Palatin Technologies (PTN) Stock: Creating A Soulmate For Viagra

Palatin Technologies, Inc. (NYSEMKT: PTN)

The provocative television commercials for Viagra may soon be getting a companion with the late stage success of Palatin Technologies’ bremelanotide, an experimental drug intended to boost the libido of pre-menopausal women that are distressed by a lack of sexual desire. Subsequent to the late breaking news after hours on Tuesday, the stock is trading 54% higher (6:12) from the regular session close.

Will PTN’s Bremelanotide Cause A ’60s Rewind?

Perhaps a ’60s flashback is wishful thinking, especially for those of us that grew up in that wonderful decade. However, even though many of us had to grow up and grab a slice of mid-life reality, the info released by PTN on Tuesday is genuinely a great piece of news that will likely be met by a receptive and lucrative market.

The loss of sexual desire is a serious matter, and the complications that come with that loss include low self-esteem, relationship problems, divorce, low self-image and a lesser quality of life. What those with a strong libido may take for granted is a debilitating hardship for others. And, it is PTN’s hope that what Viagra did for men bremelanotide will do for women.

Positive And Statistically Significant Phase III Results

[pms-restrict subscription_plans=”11543,11544″]

Palatin has been working intensely on its experimental drug, bremelanotide. The drug is intended to boost the libido in women, addressing a condition called hypoactive sexual desire disorder (HSDD).

PTN has completed its late stage, phase III trial and has produced statistically significant results. The study compiled data from over 1200 women, all of whom were diagnosed with HSDD. The study was placebo-controlled and was recorded by using results from patient groups being measured in 24-week intervals.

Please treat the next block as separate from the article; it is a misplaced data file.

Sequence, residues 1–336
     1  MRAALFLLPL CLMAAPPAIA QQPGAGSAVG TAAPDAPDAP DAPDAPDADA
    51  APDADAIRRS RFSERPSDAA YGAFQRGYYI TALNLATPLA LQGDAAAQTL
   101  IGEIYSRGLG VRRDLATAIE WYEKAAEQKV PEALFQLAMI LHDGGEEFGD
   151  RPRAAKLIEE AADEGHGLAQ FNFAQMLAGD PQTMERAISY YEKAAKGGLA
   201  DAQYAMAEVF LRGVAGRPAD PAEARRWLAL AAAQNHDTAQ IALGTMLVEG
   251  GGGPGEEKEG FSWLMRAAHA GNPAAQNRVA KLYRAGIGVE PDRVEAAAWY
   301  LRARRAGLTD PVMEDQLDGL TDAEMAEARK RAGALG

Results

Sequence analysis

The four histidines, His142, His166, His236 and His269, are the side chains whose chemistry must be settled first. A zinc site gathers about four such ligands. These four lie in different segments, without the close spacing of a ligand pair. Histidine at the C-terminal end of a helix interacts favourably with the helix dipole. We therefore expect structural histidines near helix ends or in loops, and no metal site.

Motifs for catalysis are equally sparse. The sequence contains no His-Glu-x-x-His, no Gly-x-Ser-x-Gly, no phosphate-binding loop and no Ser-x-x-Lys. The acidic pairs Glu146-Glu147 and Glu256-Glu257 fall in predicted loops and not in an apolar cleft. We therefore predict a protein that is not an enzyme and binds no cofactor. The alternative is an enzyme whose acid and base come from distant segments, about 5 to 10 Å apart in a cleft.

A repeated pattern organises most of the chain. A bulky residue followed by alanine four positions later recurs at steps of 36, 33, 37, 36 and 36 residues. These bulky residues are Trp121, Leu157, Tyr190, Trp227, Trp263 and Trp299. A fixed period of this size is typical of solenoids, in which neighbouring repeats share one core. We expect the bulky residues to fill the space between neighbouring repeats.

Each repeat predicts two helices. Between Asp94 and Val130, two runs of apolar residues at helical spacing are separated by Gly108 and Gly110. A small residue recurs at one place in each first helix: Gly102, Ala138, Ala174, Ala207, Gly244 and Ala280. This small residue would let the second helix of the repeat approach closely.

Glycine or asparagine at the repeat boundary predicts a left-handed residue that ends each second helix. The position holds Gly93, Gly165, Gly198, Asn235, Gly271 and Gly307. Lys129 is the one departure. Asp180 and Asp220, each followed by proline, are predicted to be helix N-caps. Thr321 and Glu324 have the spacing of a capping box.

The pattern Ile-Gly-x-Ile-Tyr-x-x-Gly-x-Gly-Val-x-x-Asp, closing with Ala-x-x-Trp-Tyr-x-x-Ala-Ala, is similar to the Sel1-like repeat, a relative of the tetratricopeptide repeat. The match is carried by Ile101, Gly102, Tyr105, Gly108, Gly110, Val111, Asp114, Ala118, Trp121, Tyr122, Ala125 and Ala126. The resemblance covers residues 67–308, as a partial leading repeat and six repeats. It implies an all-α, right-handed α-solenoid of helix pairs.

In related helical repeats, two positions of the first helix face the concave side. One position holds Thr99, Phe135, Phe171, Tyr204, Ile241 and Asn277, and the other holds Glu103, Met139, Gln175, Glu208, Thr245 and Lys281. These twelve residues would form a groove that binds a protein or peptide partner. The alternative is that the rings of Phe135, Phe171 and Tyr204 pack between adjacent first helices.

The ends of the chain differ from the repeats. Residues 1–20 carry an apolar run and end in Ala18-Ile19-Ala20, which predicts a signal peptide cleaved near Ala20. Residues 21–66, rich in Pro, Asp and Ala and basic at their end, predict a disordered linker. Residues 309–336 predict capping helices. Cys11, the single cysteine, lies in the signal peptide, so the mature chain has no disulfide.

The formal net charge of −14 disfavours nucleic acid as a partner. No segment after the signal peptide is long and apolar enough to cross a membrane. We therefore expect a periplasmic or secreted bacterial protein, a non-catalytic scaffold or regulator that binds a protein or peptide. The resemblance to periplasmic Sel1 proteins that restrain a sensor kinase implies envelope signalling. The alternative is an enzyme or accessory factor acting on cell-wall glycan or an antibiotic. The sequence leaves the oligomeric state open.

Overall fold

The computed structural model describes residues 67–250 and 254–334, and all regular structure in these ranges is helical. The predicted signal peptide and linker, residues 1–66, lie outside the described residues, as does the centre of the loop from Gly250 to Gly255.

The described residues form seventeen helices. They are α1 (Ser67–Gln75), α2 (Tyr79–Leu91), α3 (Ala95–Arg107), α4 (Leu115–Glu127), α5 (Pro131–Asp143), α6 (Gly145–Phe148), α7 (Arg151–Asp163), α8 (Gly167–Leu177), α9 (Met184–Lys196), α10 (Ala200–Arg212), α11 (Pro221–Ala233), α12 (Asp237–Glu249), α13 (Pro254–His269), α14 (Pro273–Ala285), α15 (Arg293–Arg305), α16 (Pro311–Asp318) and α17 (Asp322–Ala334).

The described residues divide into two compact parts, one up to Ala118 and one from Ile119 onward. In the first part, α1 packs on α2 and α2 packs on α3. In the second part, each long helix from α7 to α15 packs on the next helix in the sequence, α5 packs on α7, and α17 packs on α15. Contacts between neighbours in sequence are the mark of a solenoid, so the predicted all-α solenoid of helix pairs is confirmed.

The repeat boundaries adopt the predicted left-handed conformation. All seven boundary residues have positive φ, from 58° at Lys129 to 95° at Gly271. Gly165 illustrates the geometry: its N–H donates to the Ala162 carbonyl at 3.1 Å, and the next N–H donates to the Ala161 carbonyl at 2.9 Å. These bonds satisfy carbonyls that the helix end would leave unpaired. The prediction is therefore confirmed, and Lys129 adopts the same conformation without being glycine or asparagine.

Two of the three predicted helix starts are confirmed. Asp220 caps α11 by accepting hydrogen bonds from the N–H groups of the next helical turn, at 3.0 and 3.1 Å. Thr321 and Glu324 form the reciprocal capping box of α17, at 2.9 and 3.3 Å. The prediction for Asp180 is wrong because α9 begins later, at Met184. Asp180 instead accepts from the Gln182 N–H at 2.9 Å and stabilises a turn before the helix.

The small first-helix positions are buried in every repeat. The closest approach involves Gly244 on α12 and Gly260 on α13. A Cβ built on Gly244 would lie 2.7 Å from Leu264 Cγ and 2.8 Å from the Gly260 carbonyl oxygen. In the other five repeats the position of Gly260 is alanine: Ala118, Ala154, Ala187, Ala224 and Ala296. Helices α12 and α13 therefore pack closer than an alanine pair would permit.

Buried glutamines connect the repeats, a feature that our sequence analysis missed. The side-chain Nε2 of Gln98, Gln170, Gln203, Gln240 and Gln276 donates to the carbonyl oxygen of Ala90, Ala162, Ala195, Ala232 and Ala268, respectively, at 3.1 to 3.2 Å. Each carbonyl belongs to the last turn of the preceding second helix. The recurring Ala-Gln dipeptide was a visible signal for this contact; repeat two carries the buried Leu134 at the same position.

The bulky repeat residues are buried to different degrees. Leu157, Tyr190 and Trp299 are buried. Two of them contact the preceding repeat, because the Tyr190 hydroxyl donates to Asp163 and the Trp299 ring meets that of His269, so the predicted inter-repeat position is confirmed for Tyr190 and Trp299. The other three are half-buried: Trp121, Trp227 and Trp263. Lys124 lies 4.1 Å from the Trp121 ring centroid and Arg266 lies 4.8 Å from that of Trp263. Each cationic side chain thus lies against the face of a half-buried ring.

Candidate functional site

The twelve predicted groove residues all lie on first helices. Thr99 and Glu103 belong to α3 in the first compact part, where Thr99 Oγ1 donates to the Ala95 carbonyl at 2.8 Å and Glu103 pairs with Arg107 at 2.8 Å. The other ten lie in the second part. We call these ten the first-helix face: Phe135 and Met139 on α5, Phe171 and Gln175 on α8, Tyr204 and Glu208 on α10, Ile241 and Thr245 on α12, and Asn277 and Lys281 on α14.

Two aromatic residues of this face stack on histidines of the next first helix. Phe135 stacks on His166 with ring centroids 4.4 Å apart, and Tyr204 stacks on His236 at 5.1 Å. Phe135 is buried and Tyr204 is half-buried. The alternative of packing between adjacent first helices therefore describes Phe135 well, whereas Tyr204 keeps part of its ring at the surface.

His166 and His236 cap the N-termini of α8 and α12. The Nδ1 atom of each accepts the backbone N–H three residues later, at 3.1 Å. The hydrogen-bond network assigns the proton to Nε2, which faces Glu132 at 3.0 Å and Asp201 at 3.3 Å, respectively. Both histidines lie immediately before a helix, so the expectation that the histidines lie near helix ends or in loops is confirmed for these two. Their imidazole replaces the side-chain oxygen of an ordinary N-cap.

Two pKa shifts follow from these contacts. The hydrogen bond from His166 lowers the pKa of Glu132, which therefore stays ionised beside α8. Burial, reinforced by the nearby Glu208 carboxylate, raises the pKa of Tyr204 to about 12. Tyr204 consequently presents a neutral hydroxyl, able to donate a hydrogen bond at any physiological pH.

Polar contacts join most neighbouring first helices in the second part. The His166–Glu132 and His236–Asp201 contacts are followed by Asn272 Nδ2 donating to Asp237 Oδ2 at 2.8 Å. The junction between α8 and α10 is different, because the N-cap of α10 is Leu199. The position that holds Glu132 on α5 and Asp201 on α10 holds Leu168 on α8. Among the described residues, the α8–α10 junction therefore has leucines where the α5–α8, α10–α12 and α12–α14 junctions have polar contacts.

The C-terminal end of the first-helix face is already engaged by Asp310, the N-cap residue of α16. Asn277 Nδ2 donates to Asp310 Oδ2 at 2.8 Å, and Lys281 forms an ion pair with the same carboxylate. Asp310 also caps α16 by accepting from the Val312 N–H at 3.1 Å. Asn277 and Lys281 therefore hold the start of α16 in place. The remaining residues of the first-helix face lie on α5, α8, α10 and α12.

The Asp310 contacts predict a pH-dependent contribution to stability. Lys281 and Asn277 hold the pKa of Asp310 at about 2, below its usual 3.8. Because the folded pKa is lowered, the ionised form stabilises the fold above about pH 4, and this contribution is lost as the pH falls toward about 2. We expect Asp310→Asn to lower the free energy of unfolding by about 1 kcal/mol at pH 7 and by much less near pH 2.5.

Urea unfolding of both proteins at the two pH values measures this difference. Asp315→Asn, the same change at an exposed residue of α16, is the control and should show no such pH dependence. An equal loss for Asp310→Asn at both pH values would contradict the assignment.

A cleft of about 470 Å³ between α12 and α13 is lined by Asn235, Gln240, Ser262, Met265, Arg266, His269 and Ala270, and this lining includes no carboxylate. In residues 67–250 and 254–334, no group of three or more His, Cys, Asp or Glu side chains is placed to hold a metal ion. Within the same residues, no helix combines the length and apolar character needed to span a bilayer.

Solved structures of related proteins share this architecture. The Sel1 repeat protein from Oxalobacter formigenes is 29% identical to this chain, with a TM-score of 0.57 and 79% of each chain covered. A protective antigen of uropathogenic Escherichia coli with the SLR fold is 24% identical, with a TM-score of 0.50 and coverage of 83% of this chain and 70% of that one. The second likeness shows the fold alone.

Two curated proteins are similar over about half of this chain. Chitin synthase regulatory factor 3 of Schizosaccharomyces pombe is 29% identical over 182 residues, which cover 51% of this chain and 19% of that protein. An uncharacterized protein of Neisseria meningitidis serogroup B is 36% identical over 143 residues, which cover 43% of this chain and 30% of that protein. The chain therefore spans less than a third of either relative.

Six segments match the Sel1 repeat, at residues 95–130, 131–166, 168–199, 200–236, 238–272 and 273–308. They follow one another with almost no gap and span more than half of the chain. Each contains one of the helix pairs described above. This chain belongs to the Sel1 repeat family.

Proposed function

According to one of the study’s principal investigators, the phase III trial of bremelanotide delivered a significant reduction in distress. Additionally, bremelanotide was safe and well tolerated, with mild nausea being the most prevalent side effect. Significantly, no new safety issues were identified or associated with the treatment or the drug during the pivotal phase III trial.

Although there are some drugs on the market that are intended to treat distress and conditions related to HSDD, the comparisons differ widely, to the benefit of PTN’s bremelanotide.

Did PTN Invent The Female Viagra?

Valeant Pharmaceuticals is marketing a product named Addyi, a drug that was approved, in part, due to the immense pressure applied to the FDA by patient advocacy groups. PTN may face some initial competition from Addyi. However, PTN’s bremelanotide has demonstrated superior efficacy and a substantially better safety profile.

Addyi, though, has not fared well in the market. The drug was approved back in August, but the efficacy was never truly demonstrated to provide measurable benefit. User’s of Addyi have reported significant and dangerous side effects, inclusive of fainting and extremely low blood pressure. In fact, the side effects were so prevalent that the FDA required a warning label to be applied to the outside of the package citing the effects listed above. Additionally, consumers were advised not to consume alcohol when taking Addyi. To add further insult, several panelists have argued that the drug provided more of a placebo effect rather than measurable efficacy, causing some dissent on the FDA panel.